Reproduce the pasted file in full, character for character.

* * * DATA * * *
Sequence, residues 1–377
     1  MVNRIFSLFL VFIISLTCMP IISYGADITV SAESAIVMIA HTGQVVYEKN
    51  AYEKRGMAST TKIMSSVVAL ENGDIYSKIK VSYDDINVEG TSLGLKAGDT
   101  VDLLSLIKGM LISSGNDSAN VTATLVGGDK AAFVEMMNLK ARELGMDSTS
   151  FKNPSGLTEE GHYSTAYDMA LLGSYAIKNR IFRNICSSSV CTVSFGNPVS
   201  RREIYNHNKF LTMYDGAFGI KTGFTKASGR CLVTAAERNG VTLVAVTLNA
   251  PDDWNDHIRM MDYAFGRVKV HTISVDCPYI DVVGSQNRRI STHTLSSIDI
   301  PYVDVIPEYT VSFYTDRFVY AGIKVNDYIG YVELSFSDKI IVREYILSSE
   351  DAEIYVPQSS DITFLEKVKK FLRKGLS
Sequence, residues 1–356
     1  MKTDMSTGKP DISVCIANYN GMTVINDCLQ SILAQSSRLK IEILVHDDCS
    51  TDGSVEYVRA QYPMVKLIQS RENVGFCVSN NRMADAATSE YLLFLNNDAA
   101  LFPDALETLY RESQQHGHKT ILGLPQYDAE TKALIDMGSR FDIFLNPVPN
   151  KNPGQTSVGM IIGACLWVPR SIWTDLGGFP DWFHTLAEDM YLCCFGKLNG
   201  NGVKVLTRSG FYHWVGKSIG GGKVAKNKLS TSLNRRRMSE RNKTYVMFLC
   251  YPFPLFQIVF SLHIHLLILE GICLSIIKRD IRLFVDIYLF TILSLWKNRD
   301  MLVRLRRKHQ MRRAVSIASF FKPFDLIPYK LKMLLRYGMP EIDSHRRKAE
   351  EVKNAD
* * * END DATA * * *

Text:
Sequence, residues 1–377
     1  MVNRIFSLFL VFIISLTCMP IISYGADITV SAESAIVMIA HTGQVVYEKN
    51  AYEKRGMAST TKIMSSVVAL ENGDIYSKIK VSYDDINVEG TSLGLKAGDT
   101  VDLLSLIKGM LISSGNDSAN VTATLVGGDK AAFVEMMNLK ARELGMDSTS
   151  FKNPSGLTEE GHYSTAYDMA LLGSYAIKNR IFRNICSSSV CTVSFGNPVS
   201  RREIYNHNKF LTMYDGAFGI KTGFTKASGR CLVTAAERNG VTLVAVTLNA
   251  PDDWNDHIRM MDYAFGRVKV HTISVDCPYI DVVGSQNRRI STHTLSSIDI
   301  PYVDVIPEYT VSFYTDRFVY AGIKVNDYIG YVELSFSDKI IVREYILSSE
   351  DAEIYVPQSS DITFLEKVKK FLRKGLS
Sequence, residues 1–356
     1  MKTDMSTGKP DISVCIANYN GMTVINDCLQ SILAQSSRLK IEILVHDDCS
    51  TDGSVEYVRA QYPMVKLIQS RENVGFCVSN NRMADAATSE YLLFLNNDAA
   101  LFPDALETLY RESQQHGHKT ILGLPQYDAE TKALIDMGSR FDIFLNPVPN
   151  KNPGQTSVGM IIGACLWVPR SIWTDLGGFP DWFHTLAEDM YLCCFGKLNG
   201  NGVKVLTRSG FYHWVGKSIG GGKVAKNKLS TSLNRRRMSE RNKTYVMFLC
   251  YPFPLFQIVF SLHIHLLILE GICLSIIKRD IRLFVDIYLF TILSLWKNRD
   301  MLVRLRRKHQ MRRAVSIASF FKPFDLIPYK LKMLLRYGMP EIDSHRRKAE
   351  EVKNAD